The Legacy of Peacekeeping on the Liberian Security Sector

  • Citation: Karim, Sabrina. “The Legacy of Peacekeeping on the Liberian Security Sector.” International Peacekeeping, January 7, 2020, 58–64.
    • Topics:
    • Conflict Resolution and Peacebuilding
    • Keywords:
    • Sub-Saharan Africa
    • Liberia
    • peacekeeping
    • security sector
    • United Nations Mission in Liberia (UNMIL)
    • Liberian National Police (LNP)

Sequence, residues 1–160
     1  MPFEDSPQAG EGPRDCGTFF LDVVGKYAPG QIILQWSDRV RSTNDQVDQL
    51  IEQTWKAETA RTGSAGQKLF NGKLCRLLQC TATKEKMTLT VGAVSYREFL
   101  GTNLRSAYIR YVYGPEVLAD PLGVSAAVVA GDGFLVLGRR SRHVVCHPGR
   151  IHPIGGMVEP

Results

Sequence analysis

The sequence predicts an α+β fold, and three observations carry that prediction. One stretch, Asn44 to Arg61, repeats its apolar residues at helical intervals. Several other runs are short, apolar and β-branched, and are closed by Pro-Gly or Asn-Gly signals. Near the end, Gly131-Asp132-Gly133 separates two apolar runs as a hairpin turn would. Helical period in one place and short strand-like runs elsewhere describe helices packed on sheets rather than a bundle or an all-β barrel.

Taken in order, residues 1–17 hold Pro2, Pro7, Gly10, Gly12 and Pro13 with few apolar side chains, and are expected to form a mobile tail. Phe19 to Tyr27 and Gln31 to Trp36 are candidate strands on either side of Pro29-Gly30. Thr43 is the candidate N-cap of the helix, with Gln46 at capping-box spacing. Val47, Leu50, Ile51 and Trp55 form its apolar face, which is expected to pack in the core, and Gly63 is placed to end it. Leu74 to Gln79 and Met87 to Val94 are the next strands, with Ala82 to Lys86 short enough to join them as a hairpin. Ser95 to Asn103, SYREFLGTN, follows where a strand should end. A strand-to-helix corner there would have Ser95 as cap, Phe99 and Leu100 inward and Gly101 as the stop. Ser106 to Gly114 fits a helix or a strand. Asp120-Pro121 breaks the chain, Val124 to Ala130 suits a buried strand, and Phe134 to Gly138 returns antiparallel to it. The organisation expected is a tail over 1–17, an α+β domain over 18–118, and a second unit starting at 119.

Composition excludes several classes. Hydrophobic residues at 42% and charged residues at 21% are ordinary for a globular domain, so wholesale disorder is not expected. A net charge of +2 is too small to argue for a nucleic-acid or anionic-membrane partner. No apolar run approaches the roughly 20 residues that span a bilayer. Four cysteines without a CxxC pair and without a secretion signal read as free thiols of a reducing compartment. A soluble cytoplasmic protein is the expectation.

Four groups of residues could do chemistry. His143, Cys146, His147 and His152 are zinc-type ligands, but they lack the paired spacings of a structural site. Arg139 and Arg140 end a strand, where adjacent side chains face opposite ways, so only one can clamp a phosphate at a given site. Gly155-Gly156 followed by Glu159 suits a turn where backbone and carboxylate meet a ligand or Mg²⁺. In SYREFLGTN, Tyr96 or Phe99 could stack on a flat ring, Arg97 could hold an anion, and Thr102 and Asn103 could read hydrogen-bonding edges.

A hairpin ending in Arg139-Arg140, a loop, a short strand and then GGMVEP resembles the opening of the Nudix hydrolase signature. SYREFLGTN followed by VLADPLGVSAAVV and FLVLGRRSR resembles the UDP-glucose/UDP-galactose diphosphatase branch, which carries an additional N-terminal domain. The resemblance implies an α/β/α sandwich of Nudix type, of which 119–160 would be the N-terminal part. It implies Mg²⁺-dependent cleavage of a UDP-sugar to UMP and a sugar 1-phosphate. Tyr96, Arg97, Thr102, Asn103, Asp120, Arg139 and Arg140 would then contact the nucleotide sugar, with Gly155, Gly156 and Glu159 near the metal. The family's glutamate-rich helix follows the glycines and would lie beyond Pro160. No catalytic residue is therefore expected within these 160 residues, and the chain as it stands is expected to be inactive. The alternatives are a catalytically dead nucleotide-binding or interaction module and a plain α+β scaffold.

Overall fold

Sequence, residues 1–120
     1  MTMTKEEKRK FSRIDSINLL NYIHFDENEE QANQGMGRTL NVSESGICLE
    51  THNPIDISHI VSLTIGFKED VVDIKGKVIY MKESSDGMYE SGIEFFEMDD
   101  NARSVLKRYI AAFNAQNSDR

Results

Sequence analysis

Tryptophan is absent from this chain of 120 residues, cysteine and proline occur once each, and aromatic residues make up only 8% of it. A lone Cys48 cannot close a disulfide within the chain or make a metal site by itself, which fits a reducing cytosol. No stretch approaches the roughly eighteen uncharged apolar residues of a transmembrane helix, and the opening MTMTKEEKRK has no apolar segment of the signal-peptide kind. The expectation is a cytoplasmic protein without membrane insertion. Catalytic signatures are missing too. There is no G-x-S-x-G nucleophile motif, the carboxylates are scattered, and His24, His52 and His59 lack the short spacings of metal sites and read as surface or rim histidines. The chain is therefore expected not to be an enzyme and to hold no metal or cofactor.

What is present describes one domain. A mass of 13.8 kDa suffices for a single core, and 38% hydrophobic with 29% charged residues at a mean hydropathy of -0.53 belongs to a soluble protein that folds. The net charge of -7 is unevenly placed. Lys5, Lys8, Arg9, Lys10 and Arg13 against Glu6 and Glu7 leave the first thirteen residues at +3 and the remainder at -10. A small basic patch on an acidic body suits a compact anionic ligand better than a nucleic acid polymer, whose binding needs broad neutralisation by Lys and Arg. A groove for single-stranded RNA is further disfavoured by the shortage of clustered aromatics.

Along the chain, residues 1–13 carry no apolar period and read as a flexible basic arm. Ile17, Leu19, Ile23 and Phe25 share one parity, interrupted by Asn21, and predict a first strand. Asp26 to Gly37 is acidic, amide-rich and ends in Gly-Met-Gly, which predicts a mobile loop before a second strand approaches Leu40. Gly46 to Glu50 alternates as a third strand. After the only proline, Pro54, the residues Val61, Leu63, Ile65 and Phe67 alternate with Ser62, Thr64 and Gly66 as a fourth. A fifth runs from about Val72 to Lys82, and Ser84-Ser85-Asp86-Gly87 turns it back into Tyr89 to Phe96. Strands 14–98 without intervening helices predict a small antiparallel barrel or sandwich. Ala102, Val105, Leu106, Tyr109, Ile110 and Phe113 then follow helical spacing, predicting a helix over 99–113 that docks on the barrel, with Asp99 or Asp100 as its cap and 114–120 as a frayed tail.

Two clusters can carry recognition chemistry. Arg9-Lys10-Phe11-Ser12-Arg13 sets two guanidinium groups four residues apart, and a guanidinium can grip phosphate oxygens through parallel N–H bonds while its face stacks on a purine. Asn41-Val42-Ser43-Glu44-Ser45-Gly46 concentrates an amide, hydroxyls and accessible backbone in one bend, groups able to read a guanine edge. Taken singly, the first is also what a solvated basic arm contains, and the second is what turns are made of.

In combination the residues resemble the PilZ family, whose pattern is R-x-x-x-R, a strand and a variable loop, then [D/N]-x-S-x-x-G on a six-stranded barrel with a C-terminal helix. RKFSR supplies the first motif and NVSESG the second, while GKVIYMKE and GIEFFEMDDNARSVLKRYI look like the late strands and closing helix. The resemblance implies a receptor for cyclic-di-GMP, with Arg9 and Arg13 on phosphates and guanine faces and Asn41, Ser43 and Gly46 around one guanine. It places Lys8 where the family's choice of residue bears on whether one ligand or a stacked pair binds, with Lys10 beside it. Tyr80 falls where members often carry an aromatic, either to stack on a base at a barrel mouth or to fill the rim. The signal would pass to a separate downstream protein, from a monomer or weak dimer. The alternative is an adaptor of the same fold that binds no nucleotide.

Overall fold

On December 23, 2016, the United Nations Security Council extended the mandate of the United Nations Mission in Liberia (UNMIL) for a final period until March 30, 2018. This resolution marked the end of one of the United Nations’ longest running peacekeeping operations. UNMIL started its mission in Liberia in October of 2003 in accordance with Security Council Resolution 1509 (2003). The mission arrived at the end of a bloody civil war that lasted on and off from 1989 to 2003. The conflicts claimed the lives of over 150,000 people – mostly civilians – and led to a complete breakdown of law and order, including a dysfunctional security sector, with over fifteen parallel branches working in the country.

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